By Ardi C. Whalen
Tess, Dusty, and Bailey are three Shetland sheepdogs (more commonly known as “Shelties”), who share their Civano home with Nancy and Bob Daliege. Tess, 12 years old, likes people but is leery of strange dogs. She is a trained, registered therapy dog who came with Bob and Nancy when they moved here from Connecticut.
Dusty, a loving seven year old who gave my hand several kisses, came from a Sheltie breeder in New River, Arizona. He is a bit larger than usual for a Sheltie, but that just means there is more of him to love. He enjoys playing with other dogs and interacting with people. The Dalieges are thinking of having him trained as a therapy dog.
Bailey, four and one-half years old, is a rescue dog from Arizona Sheltie Rescue. He, too, was friendly and enjoyed being petted.
“Bailey,” said Bob, “was not comfortable around me at first. He had been verbally abused, probably by a man. I had to learn not to raise my voice around him.”
Arizona Sheltie Rescue in Tucson, a branch of the Phoenix organization, is very careful about making a good match between would-be pet owners and dogs. Someone from the Rescue will first come out and check out the home situation: Do they have children? Will the dog be alone a lot? Is it a quiet or a noisy home? These are just some of the things they would want to know before placing a dog. Once they have found a good match, the dog is placed, but that is not the end of it. A surprise visit will be paid to the home to see how well things are going. They want to be sure that the match is a good one.
All the Daliege dogs have had obedience training and know the standard commands: sit, down, and roll over. All of them can catch a ball, but only Tess can catch a Frisbee. Nancy and Bob have a dog obstacle course in the yard, and I was treated to demonstration, performed by Dusty.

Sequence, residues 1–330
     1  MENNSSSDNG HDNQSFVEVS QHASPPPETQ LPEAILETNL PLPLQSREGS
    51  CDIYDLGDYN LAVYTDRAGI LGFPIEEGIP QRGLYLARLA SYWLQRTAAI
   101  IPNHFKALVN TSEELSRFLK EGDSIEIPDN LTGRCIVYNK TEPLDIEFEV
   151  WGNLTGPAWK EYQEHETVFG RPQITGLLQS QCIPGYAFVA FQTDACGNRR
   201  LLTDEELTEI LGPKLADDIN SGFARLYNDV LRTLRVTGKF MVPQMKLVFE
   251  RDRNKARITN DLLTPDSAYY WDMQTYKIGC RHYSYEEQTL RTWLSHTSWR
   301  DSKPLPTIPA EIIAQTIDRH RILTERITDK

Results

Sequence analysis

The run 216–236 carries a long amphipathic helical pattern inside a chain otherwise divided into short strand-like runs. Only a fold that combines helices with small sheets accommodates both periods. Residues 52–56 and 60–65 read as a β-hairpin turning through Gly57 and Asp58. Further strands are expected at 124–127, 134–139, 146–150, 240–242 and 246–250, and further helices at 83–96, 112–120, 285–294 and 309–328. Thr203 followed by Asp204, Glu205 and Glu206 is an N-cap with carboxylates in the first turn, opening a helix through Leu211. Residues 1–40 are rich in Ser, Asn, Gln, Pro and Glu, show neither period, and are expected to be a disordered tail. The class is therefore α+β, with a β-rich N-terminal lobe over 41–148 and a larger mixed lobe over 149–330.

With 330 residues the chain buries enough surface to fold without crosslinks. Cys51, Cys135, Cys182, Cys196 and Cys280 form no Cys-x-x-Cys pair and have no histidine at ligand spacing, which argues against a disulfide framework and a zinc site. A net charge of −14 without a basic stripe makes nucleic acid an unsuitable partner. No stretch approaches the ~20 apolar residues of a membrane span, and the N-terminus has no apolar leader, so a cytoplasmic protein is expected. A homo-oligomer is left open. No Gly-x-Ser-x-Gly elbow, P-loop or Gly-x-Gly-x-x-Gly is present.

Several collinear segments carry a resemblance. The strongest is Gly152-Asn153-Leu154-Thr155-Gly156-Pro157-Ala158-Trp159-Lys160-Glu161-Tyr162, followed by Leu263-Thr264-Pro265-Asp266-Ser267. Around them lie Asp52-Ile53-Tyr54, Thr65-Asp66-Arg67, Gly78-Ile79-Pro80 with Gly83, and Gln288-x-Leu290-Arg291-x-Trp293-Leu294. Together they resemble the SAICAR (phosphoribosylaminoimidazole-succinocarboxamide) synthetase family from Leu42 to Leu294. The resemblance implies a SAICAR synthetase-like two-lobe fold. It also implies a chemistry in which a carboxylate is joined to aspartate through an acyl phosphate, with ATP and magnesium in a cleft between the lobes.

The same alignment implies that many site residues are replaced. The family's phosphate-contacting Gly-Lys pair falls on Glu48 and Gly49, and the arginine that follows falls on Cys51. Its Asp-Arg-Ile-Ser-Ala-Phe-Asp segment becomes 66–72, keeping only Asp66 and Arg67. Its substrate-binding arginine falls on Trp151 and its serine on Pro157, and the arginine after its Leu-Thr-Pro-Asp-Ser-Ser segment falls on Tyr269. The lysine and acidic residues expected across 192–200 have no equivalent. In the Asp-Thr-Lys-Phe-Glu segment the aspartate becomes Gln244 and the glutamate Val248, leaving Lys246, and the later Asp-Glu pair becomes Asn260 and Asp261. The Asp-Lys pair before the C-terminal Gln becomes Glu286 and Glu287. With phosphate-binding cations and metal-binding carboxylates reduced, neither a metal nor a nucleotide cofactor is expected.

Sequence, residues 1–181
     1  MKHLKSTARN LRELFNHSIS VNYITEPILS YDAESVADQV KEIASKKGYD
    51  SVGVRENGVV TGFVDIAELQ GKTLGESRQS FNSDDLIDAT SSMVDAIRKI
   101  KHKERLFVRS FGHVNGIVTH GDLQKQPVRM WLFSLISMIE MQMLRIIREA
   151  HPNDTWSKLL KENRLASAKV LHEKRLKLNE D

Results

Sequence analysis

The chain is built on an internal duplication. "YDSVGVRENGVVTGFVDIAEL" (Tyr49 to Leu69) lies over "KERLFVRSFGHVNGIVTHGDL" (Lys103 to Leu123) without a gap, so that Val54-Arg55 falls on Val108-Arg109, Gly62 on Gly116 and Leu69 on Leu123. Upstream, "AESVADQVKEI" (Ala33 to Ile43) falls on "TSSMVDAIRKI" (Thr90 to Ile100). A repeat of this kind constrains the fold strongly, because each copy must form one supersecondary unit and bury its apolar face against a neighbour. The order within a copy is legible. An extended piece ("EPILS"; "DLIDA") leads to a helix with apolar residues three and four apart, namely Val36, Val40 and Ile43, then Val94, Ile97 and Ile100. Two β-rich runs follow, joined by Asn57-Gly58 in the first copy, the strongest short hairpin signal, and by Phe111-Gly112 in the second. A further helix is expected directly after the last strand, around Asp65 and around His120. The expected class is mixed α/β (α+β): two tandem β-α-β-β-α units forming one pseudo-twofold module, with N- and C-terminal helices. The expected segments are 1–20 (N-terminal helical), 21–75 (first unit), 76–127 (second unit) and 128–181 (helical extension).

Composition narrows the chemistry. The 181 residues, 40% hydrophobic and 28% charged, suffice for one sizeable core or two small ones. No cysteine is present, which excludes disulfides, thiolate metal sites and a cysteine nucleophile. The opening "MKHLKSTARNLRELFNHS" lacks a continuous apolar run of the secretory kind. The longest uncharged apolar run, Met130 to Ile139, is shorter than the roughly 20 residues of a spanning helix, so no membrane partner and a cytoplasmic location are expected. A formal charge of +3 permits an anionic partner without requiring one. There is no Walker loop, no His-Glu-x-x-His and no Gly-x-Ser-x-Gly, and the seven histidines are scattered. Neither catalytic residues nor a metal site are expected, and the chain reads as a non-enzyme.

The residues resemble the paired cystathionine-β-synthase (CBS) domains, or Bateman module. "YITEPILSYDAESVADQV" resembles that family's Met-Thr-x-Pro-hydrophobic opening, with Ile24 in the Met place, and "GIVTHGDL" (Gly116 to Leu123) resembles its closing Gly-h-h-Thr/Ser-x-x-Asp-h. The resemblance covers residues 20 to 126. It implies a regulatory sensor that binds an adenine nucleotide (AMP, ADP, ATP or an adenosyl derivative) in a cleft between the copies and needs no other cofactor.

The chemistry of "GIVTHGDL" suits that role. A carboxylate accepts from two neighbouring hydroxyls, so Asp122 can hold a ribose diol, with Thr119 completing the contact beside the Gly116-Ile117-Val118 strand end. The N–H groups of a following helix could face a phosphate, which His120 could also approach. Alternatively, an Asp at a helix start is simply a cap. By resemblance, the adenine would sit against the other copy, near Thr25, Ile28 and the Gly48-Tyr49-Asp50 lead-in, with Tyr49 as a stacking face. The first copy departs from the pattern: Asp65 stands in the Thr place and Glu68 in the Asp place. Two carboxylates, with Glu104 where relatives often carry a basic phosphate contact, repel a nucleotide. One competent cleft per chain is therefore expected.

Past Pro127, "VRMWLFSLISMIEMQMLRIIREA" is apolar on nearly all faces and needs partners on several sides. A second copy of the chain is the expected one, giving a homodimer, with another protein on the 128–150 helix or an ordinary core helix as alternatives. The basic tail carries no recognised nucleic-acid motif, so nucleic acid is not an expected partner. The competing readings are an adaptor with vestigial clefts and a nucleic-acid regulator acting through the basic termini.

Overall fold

The family owns a motor home and they and their dogs enjoy traveling and competing in agility competitions. Usually they compete in areas that are close to Tucson, but they have also competed in Colorado, California, North Carolina, and New Mexico.
It is in agility competitions that their individuality comes out. Tess tackles competition like a job she must do, and she does it well. Because she does it well, she likes it. Dusty, on the other hand, loves it because in competing, he can do his favorite thing: run. ”He’ll run ‘til he drops,” said Bob. Bailey definitely has his own style, which is to run through two or three obstacles, be praised, and then leave the course to mingle and socialize.
“They are good travelers,” said Nancy, when I asked her if it was difficult traveling with three dogs. I then asked if they’d ever had any emergencies or unusual adventures when traveling with their dogs, and Nancy told me of the scare they’d had when Dusty was only six months old.
Dusty ran away while they were attending a competition up at Pine Top in the White Mountains, not far from the Apache-Sitgreaves National Forest. They called, but no response. Frightened for Dusty because the forest contained bears and mountain lions, they started searching for their little dog. They searched for six hours, but no Dusty, and it was getting dark.